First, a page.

NEW YORK – Most of the debate about how to address Iran’s efforts to develop nuclear-weapons capacity focuses on two options. The first is to rely on deterrence and live with an Iran that has a small nuclear arsenal or the ability to assemble one with little advance notice. The second is to launch a preventive military strike aimed at destroying critical parts of the Iranian program and setting back its progress by an estimated two or more years.
But now a third option has emerged: negotiating a ceiling on the nuclear program that would not be too low for Iran’s government and not too high for the United States, Israel, and the rest of the world.
In fact, such an option has been around for years – and in several rounds of negotiations. What has changed, however, is the context. And changes in context can be critical; indeed, what happens away from the negotiating table almost always determines the outcome of face-to-face talks.
The single most important change in context is the rapidly deteriorating state of Iran’s economy. The many financial and oil-related sanctions that have been implemented in recent months and years are starting to bite. They were designed not to impede Iran’s nuclear program directly, but rather to increase the price that Iran’s leaders must pay for pursuing their nuclear ambitions. The thinking (or, more accurately, the hope) was that Iran’s leadership, if forced to choose between regime survival and nuclear weapons, would choose the former.
This hypothesis may soon get a real-world test. Iran’s currency, the rial, has fallen roughly 40% in recent weeks, sharply increasing Iran’s inflation rate and what Iranians must pay for imports and many staples. The result is the first signs of serious public discontent with the regime since the violent repression of the Green Movement in 2009. Iran’s merchant class, one of the pillars of the clerical establishment that has ruled the country since the 1979 revolution, is grumbling as well.
Other factors also could give negotiations a real chance. Upheavals in the Arab world suggest that no regime in the Middle East is entrenched; Iran’s leaders would have to be blind not to have taken note. In his speech at the United Nations in late September, Israeli Prime Minister Binyamin Netanyahu signaled a willingness to give sanctions more time, until at least the summer of 2013. And there are signs that, regardless of who wins November’s presidential election, the US might well undertake an armed strike, with potential destruction much greater than if Israel were to act alone. Again, the Iranians might see compromise as the lesser of the threats that it faces.
Until now, negotiations have been desultory at best. The compromise that Iranian officials are suggesting is nowhere near what they would have to accept to avert military action and gain an easing of sanctions. But now is the time to present to Iran a comprehensive package – what it must do and what the reward would be if it agreed. It would also be essential to set a deadline for Iran to accept such an accord, lest it use further negotiations to buy time to improve its nuclear capabilities.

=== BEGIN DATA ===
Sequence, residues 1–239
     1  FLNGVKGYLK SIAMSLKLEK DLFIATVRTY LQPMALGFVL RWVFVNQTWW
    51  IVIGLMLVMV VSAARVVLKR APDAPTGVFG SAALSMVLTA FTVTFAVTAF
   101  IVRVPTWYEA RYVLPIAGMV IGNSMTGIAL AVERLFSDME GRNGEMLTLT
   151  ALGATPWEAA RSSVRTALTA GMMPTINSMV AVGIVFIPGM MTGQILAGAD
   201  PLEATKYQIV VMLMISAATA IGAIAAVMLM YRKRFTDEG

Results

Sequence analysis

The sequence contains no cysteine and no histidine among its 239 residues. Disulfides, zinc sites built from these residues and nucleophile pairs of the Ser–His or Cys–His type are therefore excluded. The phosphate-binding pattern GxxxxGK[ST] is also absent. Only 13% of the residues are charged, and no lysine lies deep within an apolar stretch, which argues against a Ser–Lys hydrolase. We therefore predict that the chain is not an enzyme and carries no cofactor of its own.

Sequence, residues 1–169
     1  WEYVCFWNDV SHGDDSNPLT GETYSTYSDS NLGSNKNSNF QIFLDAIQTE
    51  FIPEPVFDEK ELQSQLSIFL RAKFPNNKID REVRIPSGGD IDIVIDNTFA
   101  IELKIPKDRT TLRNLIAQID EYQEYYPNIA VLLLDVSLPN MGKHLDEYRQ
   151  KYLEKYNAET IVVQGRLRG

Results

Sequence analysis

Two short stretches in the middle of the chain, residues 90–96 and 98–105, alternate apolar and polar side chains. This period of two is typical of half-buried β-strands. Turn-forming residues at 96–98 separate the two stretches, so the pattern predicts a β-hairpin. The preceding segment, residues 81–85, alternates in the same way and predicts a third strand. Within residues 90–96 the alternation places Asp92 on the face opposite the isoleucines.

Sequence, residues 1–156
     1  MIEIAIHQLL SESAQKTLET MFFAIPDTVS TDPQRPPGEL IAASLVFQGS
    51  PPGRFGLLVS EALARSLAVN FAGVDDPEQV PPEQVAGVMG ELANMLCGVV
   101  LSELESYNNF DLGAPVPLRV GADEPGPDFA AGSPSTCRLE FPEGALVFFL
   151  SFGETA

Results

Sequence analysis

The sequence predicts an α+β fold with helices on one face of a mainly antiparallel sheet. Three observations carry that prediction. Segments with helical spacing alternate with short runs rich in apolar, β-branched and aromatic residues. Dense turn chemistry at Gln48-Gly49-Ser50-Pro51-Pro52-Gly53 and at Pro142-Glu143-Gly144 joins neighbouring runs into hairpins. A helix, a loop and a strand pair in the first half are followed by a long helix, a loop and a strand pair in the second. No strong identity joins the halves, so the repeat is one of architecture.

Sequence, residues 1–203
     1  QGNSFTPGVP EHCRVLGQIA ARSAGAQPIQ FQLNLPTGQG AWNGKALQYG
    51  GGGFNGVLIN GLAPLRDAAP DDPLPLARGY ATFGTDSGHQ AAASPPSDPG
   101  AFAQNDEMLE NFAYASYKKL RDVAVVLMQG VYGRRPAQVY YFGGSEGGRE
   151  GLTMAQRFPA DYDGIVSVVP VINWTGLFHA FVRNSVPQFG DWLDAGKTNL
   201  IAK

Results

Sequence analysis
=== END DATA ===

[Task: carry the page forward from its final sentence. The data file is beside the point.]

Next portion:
The precise terms would have to be determined, but Iran would have to give up all of the uranium that it has enriched to 20% and stop enriching to that level. It would also have to accept a ceiling on how much uranium it could possess or enrich at lower levels. Limits on the number of centrifuges and where they could be housed might also be necessary. Inspections would need to be frequent and intrusive to reassure the outside world of what Iran is doing – or, perhaps more to the point, what it is not doing. In return, Iran would receive substantial relief from the removal of those sanctions imposed in response to its nuclear program.
Moreover, the offer’s essential elements should be made public. That way, if the regime balked, it would have to explain to its own people why it was not prepared to abandon its nuclear-weapons program, despite a reasonable US proposal that was not designed to humiliate Iran, and that, if accepted, promised a major improvement in Iranian living standards.
It is possible that the new economic and political context will lead Iran’s rulers to accept what they have rebuffed until now. If, on the other hand, the regime remains determined to pursue its nuclear goals, regardless of cost, then we will know that there is no alternative to the first two options: attacking Iranian facilities or living with a nuclear-armed Iran. Both outcomes are potentially risky and costly, but the US public, in particular, should be made aware that it was Iran that rejected a reasonable alternative to war before one began.
And, if push came to shove, it would be good for other governments to know that the US and/or Israel decided to attack only after offering Iran a face-saving way out. That would make it less difficult to keep economic pressure on Iran in the aftermath of any strike.
Going public makes sense for another reason: Iran’s people ought to know that any attack on the country was one that it had largely brought on itself. This realization might mute any “rally around the flag” reaction and thus not rule out regime change down the road.
We tend to think of diplomacy as something carried out in secret; sometimes, however, it is better to hide in plain sight. This is such a moment. But time is of the essence; diplomacy needs to move faster if it is not to be overtaken by Iran’s march to a nuclear weapon – and, with it, the march to conflict.
Richard N. Haass is President of the Council on Foreign Relations. His next book, Foreign Policy Begins at Home: The Case for Putting America’s House in Order, is to be published in the spring.
Copyright: Project Syndicate, 2012.